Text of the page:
Cloud security is the set of technologies, strategies, services, and platforms that protect cloud-based applications, cloud data, and cloud-based services from internal and external threats. This protection extends to the data stored by these applications and services. In this guide, we explain more about what cloud security is and why it’s important to you.
Defining cloud security
Cloud security refers to various ways to protect cloud-based applications, data, and services from threats posed by internal and external sources. Kasperskywhich sells antivirus and other security software, says cloud security has five main areas:
- Data security: Ensure that all data generated by cloud services is stored securely and that access to this data is strictly controlled
- Identity and Access Management (IAM): Control who and what accesses cloud services through methods such as multi-factor authentication
- Verdict: Develop policies to detect, mitigate, and prevent cloud computing threats from hackers and other offenders
- Data retention and business continuity: Planning for response to data damage and loss as a result of the attack and plans to ensure continuity of business operations
- Legal Compliance: An audit is in place to ensure that your cloud security methods are adequate enough to protect you from liability
Cloud service providers such as Amazon Web Services are only responsible for the security of their cloud servers, not the security of cloud-based applications. It is the responsibility of cloud application developers and users to ensure that their applications and communications are secure, whether in the public or private cloud.
How does cloud security work?
Many companies prefer to use cloud services because the cloud service provider has some security responsibilities, says Brian Wilson, chief information security officer at the analytics software company. Sass.
It shows that there are two basic types of cloud security: “in the cloud” and “in the cloud”.
The former is where a company shifts some of the responsibility for delivering its services to cloud service providers, while the latter is where preventative cybersecurity measures are managed entirely offsite.
Hybrid cloud environments, in which on-premises data centers are combined with cloud-based storage and applications, is one situation where “cloud” security is beneficial. “This does not allow companies to fully use the cloud,” he says. “Sharing responsibility varies depending on the security services the company uses and the sophistication of the cloud service provider.”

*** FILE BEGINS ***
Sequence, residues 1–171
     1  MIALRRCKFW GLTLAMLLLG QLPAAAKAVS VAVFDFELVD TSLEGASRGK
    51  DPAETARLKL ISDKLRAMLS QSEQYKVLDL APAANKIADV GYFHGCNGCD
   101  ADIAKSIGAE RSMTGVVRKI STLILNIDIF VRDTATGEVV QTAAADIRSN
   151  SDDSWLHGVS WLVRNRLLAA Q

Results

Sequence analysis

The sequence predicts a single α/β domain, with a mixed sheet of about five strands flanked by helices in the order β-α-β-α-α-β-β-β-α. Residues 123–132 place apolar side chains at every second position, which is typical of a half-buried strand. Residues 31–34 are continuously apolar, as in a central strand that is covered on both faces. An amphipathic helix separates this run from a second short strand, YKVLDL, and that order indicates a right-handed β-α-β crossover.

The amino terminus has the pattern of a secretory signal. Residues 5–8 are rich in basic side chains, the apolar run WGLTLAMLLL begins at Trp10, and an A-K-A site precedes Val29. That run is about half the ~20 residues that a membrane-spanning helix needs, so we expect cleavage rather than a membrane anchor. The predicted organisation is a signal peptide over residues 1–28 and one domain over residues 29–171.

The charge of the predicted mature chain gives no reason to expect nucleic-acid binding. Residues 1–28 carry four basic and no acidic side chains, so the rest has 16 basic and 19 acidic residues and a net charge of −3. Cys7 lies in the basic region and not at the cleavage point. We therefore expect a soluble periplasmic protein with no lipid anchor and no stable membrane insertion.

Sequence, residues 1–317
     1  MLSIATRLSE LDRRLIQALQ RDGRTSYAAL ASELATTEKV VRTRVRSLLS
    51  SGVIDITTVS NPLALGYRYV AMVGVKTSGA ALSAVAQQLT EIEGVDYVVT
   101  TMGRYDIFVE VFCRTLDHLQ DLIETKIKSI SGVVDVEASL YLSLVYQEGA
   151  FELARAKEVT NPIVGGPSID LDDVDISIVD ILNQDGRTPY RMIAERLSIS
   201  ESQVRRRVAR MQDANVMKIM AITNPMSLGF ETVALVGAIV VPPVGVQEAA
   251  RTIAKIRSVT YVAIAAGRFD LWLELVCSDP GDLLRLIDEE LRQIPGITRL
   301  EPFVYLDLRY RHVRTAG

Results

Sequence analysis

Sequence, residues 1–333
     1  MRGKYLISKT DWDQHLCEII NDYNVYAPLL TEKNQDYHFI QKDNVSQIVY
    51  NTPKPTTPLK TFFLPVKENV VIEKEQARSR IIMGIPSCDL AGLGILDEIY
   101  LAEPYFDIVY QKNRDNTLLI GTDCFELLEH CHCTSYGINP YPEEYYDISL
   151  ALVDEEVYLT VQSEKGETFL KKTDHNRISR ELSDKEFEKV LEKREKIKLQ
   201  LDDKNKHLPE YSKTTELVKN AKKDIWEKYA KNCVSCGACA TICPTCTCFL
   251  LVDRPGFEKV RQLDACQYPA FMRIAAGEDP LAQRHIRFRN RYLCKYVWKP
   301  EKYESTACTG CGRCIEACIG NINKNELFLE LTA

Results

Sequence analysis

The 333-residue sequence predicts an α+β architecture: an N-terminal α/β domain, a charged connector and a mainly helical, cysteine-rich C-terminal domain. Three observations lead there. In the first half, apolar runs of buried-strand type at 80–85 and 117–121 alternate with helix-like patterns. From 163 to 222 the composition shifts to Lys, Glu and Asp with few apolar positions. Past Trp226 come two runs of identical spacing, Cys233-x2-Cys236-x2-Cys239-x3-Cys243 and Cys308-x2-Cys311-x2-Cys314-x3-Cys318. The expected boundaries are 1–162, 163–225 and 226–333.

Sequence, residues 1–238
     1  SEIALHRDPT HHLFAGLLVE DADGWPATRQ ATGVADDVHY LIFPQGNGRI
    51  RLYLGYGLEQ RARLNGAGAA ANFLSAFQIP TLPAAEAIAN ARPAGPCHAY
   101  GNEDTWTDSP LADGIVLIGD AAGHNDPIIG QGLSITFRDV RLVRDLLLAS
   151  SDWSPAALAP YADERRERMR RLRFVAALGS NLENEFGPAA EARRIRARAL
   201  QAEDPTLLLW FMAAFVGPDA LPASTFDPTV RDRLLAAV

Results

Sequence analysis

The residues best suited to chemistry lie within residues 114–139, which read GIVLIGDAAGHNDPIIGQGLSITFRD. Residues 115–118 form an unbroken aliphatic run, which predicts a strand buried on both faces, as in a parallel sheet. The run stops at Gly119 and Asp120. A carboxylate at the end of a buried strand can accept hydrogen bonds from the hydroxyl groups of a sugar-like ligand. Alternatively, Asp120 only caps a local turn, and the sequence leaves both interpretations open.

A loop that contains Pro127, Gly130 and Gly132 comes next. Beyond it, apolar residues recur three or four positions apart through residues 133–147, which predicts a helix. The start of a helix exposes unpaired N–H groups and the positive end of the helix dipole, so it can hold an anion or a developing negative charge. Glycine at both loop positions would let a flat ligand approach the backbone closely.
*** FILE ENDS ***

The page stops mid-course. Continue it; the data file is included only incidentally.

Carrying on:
For example, a company may still be responsible for maintaining the security of its on-premises systems, as well as the link between the internal part of its network and the cloud.
Other companies are moving to “in the cloud” security, handing over all responsibility for cybersecurity to a cloud security provider. This is especially attractive to smaller companies, Wilson says, who typically don’t have the budget for CISO or CSO. “Delivering day-to-day care, maintaining updates on security fixes, and enhancing resilience means the company doesn’t need that security expertise on staff,” he says.
What is cloud computing?
Cloud computing essentially involves renting computing power that is made available over the Internet, say Wilson and Dr. Robert Blumoff, a cloud services provider. Akamai Chief Technology Officer.
“Before cloud computing, companies ran software on self-owned infrastructure,” says Dr. Blumove. “They bought computers, found a place to assemble and stack them, turn them on, connect them to the Internet, install an operating system, and maintain them.”
With the advent of cloud computing services, all this work is no longer the responsibility of the company. Cloud services and service providers take care of these steps for their customers. This makes it relatively easy for the company to extend its services by renting additional server applications.
RedHat says the most popular types of cloud environments include:
- public cloud: A cloud environment that is generally built from company-owned infrastructure. Examples of public cloud providers include Amazon Web Services (AWS), Google Cloud, and IBM Cloud.
- private cloud: Cloud environments that are managed internally by the company, usually behind a paywall. As you might guess from the name, private cloud services are not publicly accessible and are for internal use only.
- Managed private cloud: Cloud infrastructure that companies do not have to maintain because it is hosted by a third party.
- Hybrid cloud: On-premises and cloud infrastructure are integrated into a seamless environment. Hybrid cloud is also called multicloud.
- Multicloud: A cloud environment with multiple cloud-based platforms hosted by more than one public or private cloud resource. Multiclouds become a hybrid cloud when all cloud platforms are integrated in some way.